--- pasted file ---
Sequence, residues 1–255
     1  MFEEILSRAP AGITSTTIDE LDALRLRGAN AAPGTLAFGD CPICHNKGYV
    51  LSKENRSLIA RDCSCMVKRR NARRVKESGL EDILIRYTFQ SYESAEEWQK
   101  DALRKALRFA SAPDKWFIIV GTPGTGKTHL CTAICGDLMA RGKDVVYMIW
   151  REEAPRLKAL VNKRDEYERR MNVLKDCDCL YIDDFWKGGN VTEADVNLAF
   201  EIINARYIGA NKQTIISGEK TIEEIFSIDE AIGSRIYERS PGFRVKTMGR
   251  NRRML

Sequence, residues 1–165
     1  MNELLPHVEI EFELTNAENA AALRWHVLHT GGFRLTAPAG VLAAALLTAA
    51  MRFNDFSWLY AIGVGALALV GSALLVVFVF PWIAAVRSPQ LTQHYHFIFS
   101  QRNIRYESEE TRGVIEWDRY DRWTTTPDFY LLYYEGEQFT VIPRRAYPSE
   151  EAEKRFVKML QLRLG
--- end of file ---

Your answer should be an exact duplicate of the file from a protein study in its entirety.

Sequence, residues 1–255
     1  MFEEILSRAP AGITSTTIDE LDALRLRGAN AAPGTLAFGD CPICHNKGYV
    51  LSKENRSLIA RDCSCMVKRR NARRVKESGL EDILIRYTFQ SYESAEEWQK
   101  DALRKALRFA SAPDKWFIIV GTPGTGKTHL CTAICGDLMA RGKDVVYMIW
   151  REEAPRLKAL VNKRDEYERR MNVLKDCDCL YIDDFWKGGN VTEADVNLAF
   201  EIINARYIGA NKQTIISGEK TIEEIFSIDE AIGSRIYERS PGFRVKTMGR
   251  NRRML

Sequence, residues 1–165
     1  MNELLPHVEI EFELTNAENA AALRWHVLHT GGFRLTAPAG VLAAALLTAA
    51  MRFNDFSWLY AIGVGALALV GSALLVVFVF PWIAAVRSPQ LTQHYHFIFS
   101  QRNIRYESEE TRGVIEWDRY DRWTTTPDFY LLYYEGEQFT VIPRRAYPSE
   151  EAEKRFVKML QLRLG